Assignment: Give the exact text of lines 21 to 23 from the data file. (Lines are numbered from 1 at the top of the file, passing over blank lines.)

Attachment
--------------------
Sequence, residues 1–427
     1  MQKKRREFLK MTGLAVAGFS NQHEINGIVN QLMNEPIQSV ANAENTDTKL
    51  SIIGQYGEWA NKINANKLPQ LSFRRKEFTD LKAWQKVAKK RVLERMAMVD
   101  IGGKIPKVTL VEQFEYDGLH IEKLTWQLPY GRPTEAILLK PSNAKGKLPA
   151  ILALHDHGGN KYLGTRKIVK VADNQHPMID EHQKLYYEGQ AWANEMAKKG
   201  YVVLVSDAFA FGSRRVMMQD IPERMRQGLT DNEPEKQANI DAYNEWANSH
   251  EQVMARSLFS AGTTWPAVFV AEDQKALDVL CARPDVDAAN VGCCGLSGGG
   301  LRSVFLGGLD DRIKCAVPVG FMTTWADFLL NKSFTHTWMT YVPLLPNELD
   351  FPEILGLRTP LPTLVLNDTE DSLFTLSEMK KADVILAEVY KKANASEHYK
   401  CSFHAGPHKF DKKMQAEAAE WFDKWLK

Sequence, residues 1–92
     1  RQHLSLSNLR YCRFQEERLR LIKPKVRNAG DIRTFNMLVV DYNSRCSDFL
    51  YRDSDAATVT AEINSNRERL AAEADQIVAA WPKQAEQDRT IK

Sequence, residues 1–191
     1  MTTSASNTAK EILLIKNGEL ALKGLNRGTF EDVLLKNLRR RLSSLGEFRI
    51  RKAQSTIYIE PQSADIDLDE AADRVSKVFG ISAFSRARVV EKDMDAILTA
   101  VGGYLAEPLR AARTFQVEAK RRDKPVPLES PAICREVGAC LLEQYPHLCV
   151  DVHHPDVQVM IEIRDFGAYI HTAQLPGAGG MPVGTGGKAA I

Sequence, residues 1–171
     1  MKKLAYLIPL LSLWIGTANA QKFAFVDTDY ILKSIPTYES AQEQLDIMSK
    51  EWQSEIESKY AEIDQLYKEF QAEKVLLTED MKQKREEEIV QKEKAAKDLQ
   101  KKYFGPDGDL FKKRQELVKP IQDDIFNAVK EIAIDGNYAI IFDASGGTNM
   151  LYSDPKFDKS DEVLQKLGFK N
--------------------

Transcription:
    51  EWQSEIESKY AEIDQLYKEF QAEKVLLTED MKQKREEEIV QKEKAAKDLQ
   101  KKYFGPDGDL FKKRQELVKP IQDDIFNAVK EIAIDGNYAI IFDASGGTNM
   151  LYSDPKFDKS DEVLQKLGFK N